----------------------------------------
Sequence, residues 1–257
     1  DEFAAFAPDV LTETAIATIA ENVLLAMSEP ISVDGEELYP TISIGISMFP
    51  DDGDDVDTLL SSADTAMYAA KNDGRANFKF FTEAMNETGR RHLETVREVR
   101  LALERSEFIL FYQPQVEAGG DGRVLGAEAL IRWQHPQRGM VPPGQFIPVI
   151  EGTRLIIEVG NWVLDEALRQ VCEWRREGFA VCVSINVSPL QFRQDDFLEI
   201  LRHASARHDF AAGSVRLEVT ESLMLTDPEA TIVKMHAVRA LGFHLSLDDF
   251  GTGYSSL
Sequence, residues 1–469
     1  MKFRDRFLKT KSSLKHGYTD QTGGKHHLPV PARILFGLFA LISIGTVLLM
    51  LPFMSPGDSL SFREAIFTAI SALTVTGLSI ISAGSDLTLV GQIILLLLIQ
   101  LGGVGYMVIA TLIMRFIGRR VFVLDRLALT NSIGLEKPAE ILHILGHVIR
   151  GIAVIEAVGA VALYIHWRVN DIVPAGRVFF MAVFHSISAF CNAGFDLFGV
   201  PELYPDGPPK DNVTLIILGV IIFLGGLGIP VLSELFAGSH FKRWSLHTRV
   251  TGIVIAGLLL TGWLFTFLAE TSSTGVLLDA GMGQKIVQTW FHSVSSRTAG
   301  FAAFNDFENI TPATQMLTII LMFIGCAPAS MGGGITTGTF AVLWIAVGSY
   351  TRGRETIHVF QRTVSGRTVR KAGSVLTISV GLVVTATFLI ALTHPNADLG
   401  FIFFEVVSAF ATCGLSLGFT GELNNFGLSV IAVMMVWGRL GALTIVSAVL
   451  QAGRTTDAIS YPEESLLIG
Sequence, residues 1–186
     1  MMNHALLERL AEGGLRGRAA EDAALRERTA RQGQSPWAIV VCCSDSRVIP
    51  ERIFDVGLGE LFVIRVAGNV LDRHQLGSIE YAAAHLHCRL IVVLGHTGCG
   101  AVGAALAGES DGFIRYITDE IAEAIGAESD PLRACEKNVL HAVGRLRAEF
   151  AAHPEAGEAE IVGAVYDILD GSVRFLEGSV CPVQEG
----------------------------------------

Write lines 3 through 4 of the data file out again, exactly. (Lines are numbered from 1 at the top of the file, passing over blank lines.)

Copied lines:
    51  DDGDDVDTLL SSADTAMYAA KNDGRANFKF FTEAMNETGR RHLETVREVR
   101  LALERSEFIL FYQPQVEAGG DGRVLGAEAL IRWQHPQRGM VPPGQFIPVI